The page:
Berlin police are investigating whether an artist who projected “United Stasi of America” onto the US embassy in the German capital earlier this week could be charged with a criminal offence.
German artist Oliver Bienkowski projected the message, along with a picture of internet tycoon and online activist Kim Dotcom onto the US embassy in Berlin on Sunday night.
He was likening reported sweeping internet surveillance by Washington and London to spying by the former East German secret police. And while the image was projected onto the building for 30 seconds on Sunday night, the action has caused quite a stir.
An investigation has been launched into whether the action constituted “slander against the organizations and representatives of a foreign state,” the Berlin-based Der Tagesspiegel newspaper reported on Thursday.
Bienkowski’s lawyer Fabian Eickstädt pointed out that the projection was onto the US embassy, which is technically US territory. “For me it is not even clear whether German law would apply,” he said.
And Der Tagesspiegel said that a criminal case of slander could only be launched if the victim were to make a formal complaint. The US embassy told the paper it had no interest in a prosecution.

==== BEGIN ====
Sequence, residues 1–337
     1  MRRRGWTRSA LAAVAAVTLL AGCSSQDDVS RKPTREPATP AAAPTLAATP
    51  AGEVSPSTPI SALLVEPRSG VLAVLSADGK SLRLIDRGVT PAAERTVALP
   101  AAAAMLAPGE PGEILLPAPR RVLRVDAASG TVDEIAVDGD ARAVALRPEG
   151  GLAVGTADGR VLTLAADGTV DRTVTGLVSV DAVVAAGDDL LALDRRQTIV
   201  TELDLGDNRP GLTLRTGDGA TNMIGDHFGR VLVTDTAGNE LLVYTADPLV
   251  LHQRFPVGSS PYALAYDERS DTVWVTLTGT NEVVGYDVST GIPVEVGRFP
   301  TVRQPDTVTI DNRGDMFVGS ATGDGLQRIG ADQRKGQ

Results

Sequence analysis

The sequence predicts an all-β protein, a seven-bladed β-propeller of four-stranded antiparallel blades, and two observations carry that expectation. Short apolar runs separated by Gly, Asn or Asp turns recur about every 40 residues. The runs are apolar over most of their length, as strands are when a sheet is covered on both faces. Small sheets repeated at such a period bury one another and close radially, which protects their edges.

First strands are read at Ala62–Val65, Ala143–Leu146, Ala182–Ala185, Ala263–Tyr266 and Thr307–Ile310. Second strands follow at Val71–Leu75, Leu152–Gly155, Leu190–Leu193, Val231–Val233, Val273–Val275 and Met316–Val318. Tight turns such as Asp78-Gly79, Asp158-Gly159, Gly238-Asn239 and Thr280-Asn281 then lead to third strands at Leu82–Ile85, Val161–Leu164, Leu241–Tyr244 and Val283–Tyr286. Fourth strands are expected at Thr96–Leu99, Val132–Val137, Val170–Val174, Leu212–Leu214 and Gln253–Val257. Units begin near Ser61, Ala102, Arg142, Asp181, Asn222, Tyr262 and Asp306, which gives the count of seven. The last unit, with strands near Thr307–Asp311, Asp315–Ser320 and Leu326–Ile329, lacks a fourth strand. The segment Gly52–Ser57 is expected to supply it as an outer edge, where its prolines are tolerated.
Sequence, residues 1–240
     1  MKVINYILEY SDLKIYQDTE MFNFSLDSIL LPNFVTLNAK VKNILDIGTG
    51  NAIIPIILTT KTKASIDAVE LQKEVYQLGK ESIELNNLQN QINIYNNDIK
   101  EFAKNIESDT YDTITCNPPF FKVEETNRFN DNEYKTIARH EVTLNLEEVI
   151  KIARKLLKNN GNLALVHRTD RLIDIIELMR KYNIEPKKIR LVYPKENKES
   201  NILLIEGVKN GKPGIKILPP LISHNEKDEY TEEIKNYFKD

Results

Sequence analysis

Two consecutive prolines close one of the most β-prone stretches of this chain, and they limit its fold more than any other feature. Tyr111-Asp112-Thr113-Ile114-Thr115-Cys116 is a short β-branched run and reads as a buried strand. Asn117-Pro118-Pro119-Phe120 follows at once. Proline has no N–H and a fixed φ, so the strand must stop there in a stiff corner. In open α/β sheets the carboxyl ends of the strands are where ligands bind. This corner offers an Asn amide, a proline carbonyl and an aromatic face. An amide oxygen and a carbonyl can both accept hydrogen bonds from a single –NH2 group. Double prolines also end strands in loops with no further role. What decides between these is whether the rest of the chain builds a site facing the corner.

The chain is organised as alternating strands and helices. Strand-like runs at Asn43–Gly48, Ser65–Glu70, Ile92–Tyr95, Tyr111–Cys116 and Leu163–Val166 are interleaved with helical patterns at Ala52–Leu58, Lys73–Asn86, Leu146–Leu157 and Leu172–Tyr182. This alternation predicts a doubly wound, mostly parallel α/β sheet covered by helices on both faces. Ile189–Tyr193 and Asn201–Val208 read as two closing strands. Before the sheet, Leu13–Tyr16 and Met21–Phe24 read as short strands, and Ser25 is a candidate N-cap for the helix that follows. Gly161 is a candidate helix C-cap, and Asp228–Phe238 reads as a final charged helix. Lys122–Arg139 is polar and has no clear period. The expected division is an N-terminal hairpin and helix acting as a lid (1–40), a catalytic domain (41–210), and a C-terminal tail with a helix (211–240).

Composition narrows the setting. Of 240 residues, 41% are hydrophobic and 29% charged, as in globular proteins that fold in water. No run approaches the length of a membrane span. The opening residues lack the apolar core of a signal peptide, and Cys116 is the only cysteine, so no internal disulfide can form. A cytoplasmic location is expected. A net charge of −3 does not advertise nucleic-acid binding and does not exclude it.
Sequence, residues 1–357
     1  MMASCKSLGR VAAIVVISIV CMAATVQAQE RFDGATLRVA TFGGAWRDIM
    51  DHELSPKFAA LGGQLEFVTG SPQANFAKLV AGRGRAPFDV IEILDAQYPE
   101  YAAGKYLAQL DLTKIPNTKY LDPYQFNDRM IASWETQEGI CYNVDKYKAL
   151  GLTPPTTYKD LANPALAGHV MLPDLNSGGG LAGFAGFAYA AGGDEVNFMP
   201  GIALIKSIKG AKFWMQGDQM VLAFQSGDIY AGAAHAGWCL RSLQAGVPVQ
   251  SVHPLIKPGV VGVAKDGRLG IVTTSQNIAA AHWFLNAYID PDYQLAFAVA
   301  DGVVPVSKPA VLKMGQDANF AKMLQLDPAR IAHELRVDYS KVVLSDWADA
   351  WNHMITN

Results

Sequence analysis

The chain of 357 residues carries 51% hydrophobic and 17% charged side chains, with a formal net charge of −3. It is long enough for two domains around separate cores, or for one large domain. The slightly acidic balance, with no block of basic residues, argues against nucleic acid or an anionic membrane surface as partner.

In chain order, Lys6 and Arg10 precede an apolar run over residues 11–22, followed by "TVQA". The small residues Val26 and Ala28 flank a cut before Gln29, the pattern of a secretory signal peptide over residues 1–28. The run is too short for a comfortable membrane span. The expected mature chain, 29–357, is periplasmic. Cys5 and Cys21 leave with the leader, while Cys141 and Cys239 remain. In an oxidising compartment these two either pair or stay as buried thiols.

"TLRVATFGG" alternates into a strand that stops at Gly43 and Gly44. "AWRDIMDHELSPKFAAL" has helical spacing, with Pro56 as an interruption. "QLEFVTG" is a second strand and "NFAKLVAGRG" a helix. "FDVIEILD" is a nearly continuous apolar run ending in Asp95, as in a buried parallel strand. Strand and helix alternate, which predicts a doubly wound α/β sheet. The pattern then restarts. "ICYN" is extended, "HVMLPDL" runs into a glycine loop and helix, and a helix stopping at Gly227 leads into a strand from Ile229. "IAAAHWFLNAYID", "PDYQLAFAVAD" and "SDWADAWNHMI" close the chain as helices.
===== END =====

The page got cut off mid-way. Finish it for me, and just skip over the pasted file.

While Dotcom had no problem claiming the projection. “I defaced the U.S. embassy in Berlin with a truth-projection last night. 0Wned!” he tweeted. The video on YouTube has garnered nearly 80,000 hits.
Dotcom, a German national, is the founder of file-sharing website Megaupload that was shut down by US authorities who seek to extradite him on charges of racketeering, fraud, money laundering and copyright theft.
Dotcom, born Kim Schmitz, denies any wrongdoing and is free on bail in New Zealand ahead of his extradition hearing.
US intelligence leaker Edward Snowden, in limbo at a Moscow airport, is also seeking to evade US justice after leaking explosive details about a vast US electronic surveillance programme and bugging of European missions.
Germany has reacted with particular alarm to the revelations about the US and British spy programmes, given its history of state surveillance under the Nazis and the communist East German regime.
Published: 11 Jul 2013 11:51 CET | Print version
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